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Monday, March 8, 2010

Minnesota’s indebtedness ranks in the middle of the 50 states

The orgy of public sector spending across the globe in recent years is coming home to roost. Speculation is now running rampant that the PIIGS (Portugal, Italy, Ireland, Greece and Spain) may drag down the EuroZone by mid-summer. The previously unspeakable or unimaginable – the possibility of national bankruptcy – is now beginning to be talked about openly by a few sober politicians in the United Kingdom, Japan, and even here in the United States. For example, Governor Pawlenty has mentioned national bankruptcy in some of his recent speeches as part of his rift against the Obama administration’s “stimulus” spending.

For years, observers of state governments have closely watched the deteriorating fiscal conditions of most of the 50 state governments. But with the heightened awareness of global sovereign debt, more scrutiny is being paid to each state’s indebtedness. As part of its new survey on “The Global Debt Bomb,” Forbes conducted an overview of the states’ debt problems. The five best ranked states were Utah (1), New Hampshire (2), Nebraska (3), Texas (4), and Virginia (5). The five worst ranked were, not surprisingly, New Jersey (46), California, (47), Connecticut (48), New York (49), and Illinois (50).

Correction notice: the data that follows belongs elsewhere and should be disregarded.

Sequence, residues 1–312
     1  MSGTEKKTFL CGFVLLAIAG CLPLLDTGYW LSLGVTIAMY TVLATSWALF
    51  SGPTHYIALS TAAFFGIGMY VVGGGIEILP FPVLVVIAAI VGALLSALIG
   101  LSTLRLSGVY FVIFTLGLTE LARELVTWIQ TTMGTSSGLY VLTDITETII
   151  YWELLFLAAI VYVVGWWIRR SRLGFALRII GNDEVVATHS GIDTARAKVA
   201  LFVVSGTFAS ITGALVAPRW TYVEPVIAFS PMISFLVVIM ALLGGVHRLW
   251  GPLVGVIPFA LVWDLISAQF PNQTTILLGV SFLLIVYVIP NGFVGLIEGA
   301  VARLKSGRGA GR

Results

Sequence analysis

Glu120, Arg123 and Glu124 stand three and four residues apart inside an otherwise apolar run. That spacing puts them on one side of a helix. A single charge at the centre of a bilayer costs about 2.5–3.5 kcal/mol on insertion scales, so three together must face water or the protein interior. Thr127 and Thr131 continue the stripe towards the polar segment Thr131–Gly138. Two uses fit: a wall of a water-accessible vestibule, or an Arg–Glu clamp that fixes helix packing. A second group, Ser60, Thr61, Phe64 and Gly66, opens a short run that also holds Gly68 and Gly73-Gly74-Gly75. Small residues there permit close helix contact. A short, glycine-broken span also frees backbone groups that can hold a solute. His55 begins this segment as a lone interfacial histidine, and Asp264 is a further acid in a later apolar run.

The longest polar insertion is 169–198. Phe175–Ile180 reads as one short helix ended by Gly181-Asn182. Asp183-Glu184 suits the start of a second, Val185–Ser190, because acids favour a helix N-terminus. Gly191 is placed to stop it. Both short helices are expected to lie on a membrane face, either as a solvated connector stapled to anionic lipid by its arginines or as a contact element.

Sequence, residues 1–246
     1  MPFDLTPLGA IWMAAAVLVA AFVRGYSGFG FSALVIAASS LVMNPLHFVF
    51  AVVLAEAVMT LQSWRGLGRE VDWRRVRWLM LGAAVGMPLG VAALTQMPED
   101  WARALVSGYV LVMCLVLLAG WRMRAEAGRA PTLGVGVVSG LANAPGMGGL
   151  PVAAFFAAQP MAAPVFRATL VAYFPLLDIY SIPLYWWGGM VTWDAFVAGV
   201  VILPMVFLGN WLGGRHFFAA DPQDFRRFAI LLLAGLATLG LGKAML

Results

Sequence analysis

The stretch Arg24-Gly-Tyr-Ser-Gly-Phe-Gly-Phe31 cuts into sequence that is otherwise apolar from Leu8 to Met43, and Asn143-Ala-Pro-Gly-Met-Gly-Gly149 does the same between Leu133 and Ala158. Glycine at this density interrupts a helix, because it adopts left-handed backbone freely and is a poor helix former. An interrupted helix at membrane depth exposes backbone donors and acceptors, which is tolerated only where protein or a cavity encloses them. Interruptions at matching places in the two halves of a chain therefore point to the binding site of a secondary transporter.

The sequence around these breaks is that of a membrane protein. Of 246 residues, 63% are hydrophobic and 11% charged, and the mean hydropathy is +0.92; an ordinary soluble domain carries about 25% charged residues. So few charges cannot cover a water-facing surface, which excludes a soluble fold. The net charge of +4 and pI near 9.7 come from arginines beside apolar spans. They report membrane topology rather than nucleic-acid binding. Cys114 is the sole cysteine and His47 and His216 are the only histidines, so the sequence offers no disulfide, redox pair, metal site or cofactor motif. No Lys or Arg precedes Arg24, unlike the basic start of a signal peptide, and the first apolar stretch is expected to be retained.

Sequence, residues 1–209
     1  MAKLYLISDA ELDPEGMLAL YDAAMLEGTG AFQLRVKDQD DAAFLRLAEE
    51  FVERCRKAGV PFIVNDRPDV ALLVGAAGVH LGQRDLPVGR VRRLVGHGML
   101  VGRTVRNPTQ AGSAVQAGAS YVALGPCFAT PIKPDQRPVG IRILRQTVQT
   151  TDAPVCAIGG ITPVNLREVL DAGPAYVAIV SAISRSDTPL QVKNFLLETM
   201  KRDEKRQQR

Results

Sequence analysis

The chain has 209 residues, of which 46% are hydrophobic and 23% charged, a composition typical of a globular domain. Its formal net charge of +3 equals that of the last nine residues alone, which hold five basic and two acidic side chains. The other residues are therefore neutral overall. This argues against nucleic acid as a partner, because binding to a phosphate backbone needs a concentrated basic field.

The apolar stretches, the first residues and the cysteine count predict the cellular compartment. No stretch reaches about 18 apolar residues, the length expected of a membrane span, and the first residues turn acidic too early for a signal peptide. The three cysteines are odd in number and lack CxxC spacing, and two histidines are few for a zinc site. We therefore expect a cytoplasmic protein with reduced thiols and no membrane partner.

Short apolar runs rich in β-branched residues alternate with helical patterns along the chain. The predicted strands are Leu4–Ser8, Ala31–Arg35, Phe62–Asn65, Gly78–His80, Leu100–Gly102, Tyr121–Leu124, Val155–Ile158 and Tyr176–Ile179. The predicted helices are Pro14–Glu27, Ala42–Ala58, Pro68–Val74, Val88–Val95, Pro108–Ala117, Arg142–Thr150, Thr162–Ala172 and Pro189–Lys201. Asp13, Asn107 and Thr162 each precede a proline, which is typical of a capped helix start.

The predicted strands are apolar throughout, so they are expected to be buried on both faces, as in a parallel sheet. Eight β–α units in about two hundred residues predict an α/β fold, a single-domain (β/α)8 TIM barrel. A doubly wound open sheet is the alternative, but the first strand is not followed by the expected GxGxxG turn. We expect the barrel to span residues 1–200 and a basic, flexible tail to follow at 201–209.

Minnesota was in the middle of the pack of the Forbes survey, at 18th position. This slightly better-than-average placement is cold comfort considering that the state government carries $866 in public debt per capita but a whopping $14,233 in unfunded public pension liability per capita. Something for taxpayers and lawmakers to consider after last week’s updated Minnesota state budget forecast.